A SYMBOL OF HOPE
Frida was a yellow Labrador retriever, born in Mexico City.
She belonged to the Mexican Navy (SEMAR), who are based in Coyoacan, in the capital city. She was trained as a rescue dog when she was a tiny puppy.
Her trainer and handler was Petty Officer 2nd Class, Israel Arauz Salinas.
She was trained as a rescue dog, used where there were earthquakes and other disasters. She wore protective goggles and neoprene booties – as did Israel.
Her first disaster was the earthquake in Haiti in 2010. She saved 12 people.
In 2013 she was working after an explosion at Pemex Tower, where there was a gas explosion.
Her first Mexican earthquake came in 2013 with a magnitude of 7Mw (they are measured on the Moment Magnitude Scale – part of the Richter Scale).
From then on it was non-stop tireless work, including earthquakes abroad e.g., Guatemala and Ecuador in 2017. It was said, “Her bark always gives hope”.
Her big moment came with two earthquakes in the Puebla State of Mexico in September 2017. The first registered 7.1Mw on the 7th of September, and the second was 8.2Mw on the 19th of the month.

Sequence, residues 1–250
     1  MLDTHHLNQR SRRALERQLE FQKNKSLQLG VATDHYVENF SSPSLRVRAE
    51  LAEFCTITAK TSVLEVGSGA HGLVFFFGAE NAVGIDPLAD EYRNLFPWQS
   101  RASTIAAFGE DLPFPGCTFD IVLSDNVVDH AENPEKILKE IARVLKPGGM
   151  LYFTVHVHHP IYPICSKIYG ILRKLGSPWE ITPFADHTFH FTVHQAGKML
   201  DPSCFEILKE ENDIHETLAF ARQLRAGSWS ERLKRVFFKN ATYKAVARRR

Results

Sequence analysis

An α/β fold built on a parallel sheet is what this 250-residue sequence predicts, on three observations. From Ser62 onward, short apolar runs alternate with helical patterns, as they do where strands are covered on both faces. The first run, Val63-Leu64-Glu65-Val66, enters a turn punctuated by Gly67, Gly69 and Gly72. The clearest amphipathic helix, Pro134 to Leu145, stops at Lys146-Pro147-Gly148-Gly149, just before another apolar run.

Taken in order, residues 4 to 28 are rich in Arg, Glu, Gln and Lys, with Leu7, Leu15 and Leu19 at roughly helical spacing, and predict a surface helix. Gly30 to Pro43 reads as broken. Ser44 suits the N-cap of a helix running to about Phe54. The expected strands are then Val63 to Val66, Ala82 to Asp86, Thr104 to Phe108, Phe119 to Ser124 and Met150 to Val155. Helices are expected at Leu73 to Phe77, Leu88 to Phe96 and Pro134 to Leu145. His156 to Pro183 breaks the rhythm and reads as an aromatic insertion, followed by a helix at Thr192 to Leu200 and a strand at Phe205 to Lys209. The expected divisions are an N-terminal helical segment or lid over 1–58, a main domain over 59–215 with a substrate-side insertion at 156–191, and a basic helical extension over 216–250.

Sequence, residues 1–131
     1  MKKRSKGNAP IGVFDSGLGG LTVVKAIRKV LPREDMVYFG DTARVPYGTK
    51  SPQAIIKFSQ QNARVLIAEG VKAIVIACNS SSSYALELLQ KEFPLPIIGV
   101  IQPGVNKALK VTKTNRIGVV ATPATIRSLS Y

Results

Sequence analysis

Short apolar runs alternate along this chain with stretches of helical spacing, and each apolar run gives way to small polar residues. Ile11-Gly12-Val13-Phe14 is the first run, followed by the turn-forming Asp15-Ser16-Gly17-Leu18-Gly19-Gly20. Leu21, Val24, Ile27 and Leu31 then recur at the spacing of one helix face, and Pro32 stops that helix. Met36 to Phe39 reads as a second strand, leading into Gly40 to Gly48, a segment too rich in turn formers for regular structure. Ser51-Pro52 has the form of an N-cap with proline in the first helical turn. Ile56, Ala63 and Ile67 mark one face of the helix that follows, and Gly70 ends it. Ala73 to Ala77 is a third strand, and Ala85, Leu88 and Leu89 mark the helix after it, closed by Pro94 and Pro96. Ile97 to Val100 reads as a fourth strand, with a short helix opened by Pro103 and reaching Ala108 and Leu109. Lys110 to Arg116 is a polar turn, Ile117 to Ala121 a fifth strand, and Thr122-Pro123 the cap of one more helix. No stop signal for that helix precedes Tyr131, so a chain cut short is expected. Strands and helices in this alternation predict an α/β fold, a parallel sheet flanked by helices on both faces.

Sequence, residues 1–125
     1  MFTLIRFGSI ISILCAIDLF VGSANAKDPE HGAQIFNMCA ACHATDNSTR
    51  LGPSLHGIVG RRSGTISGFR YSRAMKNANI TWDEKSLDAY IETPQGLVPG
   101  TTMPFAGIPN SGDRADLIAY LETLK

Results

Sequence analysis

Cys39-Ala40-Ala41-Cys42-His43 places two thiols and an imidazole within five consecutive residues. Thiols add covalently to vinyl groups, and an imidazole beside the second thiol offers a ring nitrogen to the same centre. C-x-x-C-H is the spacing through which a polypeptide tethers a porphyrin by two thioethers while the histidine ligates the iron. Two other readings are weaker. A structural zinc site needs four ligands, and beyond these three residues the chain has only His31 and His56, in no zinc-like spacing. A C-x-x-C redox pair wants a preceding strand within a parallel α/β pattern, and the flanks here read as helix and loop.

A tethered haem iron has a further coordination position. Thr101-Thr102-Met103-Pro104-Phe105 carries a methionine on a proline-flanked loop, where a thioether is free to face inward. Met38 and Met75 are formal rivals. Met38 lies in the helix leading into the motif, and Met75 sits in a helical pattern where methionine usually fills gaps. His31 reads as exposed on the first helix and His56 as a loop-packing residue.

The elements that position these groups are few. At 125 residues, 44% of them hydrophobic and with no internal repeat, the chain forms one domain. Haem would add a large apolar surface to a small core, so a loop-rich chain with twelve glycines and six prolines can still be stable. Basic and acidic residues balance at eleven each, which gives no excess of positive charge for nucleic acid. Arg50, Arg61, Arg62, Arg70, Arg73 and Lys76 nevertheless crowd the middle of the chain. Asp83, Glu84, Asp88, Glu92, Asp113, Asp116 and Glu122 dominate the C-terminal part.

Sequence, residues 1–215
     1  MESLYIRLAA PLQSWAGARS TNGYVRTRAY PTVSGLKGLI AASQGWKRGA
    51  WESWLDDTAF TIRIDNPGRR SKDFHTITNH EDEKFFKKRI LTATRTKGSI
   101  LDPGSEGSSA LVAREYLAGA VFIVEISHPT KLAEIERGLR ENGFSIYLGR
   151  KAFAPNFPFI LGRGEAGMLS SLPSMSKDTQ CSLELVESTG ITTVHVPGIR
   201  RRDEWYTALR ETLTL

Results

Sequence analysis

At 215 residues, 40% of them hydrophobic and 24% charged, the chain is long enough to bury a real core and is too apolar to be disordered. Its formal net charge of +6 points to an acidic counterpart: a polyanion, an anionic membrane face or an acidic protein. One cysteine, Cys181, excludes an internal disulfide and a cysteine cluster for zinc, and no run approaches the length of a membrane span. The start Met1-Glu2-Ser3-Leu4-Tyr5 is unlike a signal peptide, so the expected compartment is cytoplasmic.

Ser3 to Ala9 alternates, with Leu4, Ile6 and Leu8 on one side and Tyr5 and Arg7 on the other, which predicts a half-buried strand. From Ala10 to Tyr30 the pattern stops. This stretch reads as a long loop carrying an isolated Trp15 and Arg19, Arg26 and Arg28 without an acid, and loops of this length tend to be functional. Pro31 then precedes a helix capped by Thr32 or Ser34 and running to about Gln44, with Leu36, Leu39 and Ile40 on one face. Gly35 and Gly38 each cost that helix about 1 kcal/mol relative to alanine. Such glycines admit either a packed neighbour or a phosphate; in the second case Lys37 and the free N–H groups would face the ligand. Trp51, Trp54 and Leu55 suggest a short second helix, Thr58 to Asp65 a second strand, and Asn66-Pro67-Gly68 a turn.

Overnight, due to her work rescuing people, she became a national hero, a “symbol of hope”. She became a social media star and a national icon. There was artwork, t-shirts, comic books – all featuring Frida. There was a large street mural of her in the Mexico City area of Roma, painted by artist Celeste Byers.
It is uncertain how many people she rescued. The national press claimed many, but the Mexican Navy said she rescued nobody in 2017, although her overall total was 12, with 43 dead bodies recovered.
In 2018 her boots (along with handler Israel’s boots) were donated to Mexico City’s ‘El Borcequi Footwear Museum’.
She retired from active duty in 2019 and was rewarded with a chew toy. Nevertheless, she continued to train other rescue dogs.
She was honoured with a statue of her in Puebla.
A second statue of her was created in the Navy compound in Coyoacan. She was present at the unveiling. The plaque underneath the statue reads, “Your life motivates us to continue giving everything to Mexico. Thank you, dear Frida.”
At her death, Mexico’s Naval Minister, Jose Rafael Ojeda said on behalf of SEMAR, “Dear Frida, although we are hurt by your departure, the Naval family promises today to honour your memory, acting under the legacy that you taught us: kindness, loyalty and love. Thank you for serving Mexico – you will always live in our hearts.”
When she died, her ashes were buried beneath this second statue. Another plaque was added – “Frida – mission accomplished with honour.”
SEMAR (Mexican Navy) have set up a canine training unit in her name.
RIP – Retriever Impresses Puebla